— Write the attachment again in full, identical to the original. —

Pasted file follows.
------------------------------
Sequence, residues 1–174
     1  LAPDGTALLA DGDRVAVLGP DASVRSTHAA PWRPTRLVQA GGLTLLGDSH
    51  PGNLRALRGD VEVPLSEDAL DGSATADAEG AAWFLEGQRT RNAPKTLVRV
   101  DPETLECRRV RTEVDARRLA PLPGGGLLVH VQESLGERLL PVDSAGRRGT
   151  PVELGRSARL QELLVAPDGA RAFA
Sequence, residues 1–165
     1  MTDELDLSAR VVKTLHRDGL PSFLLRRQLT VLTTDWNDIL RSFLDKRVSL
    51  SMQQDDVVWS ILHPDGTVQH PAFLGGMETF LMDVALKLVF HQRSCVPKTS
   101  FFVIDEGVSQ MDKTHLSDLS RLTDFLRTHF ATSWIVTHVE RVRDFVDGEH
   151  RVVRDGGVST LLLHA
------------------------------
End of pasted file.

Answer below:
Sequence, residues 1–174
     1  LAPDGTALLA DGDRVAVLGP DASVRSTHAA PWRPTRLVQA GGLTLLGDSH
    51  PGNLRALRGD VEVPLSEDAL DGSATADAEG AAWFLEGQRT RNAPKTLVRV
   101  DPETLECRRV RTEVDARRLA PLPGGGLLVH VQESLGERLL PVDSAGRRGT
   151  PVELGRSARL QELLVAPDGA RAFA
Sequence, residues 1–165
     1  MTDELDLSAR VVKTLHRDGL PSFLLRRQLT VLTTDWNDIL RSFLDKRVSL
    51  SMQQDDVVWS ILHPDGTVQH PAFLGGMETF LMDVALKLVF HQRSCVPKTS
   101  FFVIDEGVSQ MDKTHLSDLS RLTDFLRTHF ATSWIVTHVE RVRDFVDGEH
   151  RVVRDGGVST LLLHA